- Credit cards
- Personal and business checking (with debit cards)
- Mobile payments
- Life insurance (as part of a December 2020 partnership with Chubb)
As for Cristina – she emerged as Brazil’s second self-made woman billionaire as the fintech was also named the world’s first and only company with a female founder to reach a valuation above $10 billion.
Cristina is reportedly no longer a billionaire this year as the neobank’s price cools. Still, if there’s a lesson Nubank’s story tells me, the success of any system is contingent on the stability of all of its parts.
And when women win, we all win.
Support Through Digital Art
IamUkraine Studio, the founder of the Zelenskiy NFT charity project, is teaming up with Australian fintech company Finder to help people affected by the war.
Together, the companies will increase efforts to raise funds for charity and provide resources to Ukrainian humanitarian organizations.
Some members of Finder’s team, who are currently in Poland, opened their homes to Ukrainian refugees.
So the Finder team created an NFT project called Peace Koalas to allow anyone willing to help invest in a piece of digital art while donating to a good cause.
All minting proceeds and royalties from the secondary sales will go towards helping Ukrainians in need.
ZelenskiyNFT has partnered with more than ten organizations working in various areas, providing help to Ukrainian civilians and defense forces.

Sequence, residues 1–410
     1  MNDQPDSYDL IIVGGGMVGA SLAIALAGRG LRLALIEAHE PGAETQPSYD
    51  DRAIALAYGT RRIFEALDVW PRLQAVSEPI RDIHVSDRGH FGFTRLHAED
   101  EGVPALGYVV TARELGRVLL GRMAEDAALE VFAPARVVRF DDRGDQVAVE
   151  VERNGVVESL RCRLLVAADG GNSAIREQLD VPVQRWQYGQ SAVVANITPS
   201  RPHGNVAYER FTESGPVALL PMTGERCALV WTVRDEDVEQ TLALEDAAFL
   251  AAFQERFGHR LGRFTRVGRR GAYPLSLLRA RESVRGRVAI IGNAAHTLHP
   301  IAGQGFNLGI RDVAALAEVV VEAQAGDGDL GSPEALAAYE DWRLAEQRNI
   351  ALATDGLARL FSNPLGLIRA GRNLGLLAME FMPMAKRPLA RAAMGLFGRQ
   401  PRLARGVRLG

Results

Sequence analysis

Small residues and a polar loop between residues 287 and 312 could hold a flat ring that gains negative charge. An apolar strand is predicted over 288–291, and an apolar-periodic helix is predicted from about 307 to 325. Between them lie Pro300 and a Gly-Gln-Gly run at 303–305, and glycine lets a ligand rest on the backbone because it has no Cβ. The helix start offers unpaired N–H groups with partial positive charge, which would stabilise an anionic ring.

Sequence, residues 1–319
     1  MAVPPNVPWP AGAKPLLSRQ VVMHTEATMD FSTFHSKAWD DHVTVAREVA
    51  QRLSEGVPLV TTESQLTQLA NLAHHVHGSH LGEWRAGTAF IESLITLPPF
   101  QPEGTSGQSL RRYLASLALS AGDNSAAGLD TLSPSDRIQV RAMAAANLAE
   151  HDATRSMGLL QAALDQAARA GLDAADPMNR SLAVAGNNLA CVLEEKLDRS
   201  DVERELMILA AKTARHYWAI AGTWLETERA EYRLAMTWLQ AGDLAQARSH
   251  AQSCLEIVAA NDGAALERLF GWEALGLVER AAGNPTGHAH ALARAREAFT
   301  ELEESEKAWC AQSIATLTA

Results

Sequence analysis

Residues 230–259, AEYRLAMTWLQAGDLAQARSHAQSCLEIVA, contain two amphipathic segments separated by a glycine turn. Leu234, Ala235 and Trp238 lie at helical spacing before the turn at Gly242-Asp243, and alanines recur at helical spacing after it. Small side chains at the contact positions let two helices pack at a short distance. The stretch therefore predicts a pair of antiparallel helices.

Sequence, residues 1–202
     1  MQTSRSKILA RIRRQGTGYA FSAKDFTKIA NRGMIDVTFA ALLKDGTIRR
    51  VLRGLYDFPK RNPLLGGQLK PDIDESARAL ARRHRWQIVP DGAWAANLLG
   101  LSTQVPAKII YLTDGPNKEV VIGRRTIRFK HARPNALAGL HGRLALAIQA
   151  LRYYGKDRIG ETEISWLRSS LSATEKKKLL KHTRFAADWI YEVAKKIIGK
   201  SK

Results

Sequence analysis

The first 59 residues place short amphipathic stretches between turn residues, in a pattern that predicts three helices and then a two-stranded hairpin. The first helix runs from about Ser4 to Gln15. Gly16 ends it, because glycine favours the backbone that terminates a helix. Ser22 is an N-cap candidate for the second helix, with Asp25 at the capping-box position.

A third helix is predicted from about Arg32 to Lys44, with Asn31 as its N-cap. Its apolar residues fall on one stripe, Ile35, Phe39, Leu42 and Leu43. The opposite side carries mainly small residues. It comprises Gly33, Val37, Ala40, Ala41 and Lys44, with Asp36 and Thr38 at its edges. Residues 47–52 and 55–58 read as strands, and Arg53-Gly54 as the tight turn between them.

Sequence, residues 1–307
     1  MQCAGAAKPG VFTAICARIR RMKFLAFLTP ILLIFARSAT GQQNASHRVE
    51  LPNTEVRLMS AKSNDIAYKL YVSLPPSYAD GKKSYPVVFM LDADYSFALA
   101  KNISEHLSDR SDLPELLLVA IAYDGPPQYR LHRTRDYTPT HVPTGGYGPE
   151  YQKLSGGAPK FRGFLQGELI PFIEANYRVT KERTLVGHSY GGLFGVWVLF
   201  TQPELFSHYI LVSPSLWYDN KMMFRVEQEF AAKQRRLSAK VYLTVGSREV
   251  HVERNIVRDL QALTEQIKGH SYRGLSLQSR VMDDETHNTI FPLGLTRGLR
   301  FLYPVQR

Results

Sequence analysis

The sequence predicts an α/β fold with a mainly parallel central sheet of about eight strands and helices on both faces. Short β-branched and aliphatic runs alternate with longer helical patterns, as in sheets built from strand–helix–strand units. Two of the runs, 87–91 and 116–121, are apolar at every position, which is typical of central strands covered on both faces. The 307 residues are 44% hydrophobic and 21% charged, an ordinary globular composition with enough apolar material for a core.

The funds from selling NFTs from the ZelenskiyNFT collection, which comprises 10,000 pieces of digital art and royalties from secondary sales, will be distributed among these organizations.
ZelenskiyNFT collection is a blockchain initiative launched to provide supportive assistance to global communities through digital art.
The project brings together artistic representation with a substantial social cause to empower struggling communities and help them overcome adversity.
The IamUkraine will launch the Zelenskiy’s NFT Collection on Wednesday.
In April, Ukraine’s general crypto donation website said the country received at least $60 million in donations via digital assets.
Fintech’s Role In Transgender Equity
Between 2-6 million people in the United States identify as transgender, and 34% of those go without an official identity that matches their gender.
This gap makes it hard to access banking and financial services products.
Kate Anthony isn’t just leveling the playing field. She’s building a whole new one with her company Euphoria, bringing out the best in fintech and changing lives.
Euphoria steps in with a suite of technologies offering information, support, and, crucially, a banking app that helps transgender people achieve their transition-related goals.
Tomorrow kicks off LGBTQ+ Pride Month.
To honor and start the month off right, I encourage everyone to listen to this episode of Humans of Fintech where Kate discuss how the app, Bliss, allows people going through transition to plan and save.
We talk about some of the critical financial struggles the trans community face and how fintech is helping ease some of those burdens and financial stress points.
Kate talks about struggles on the path to becoming her true, authentic self and how her relationship with technology has played such a significant role in her transition.
You’ll also learn more about Euphoria’s services supporting and advising transgender people and why 80,000 platform users are just the start.
Click here to tune in to the full episode with Kate Anthony. Happy Pride!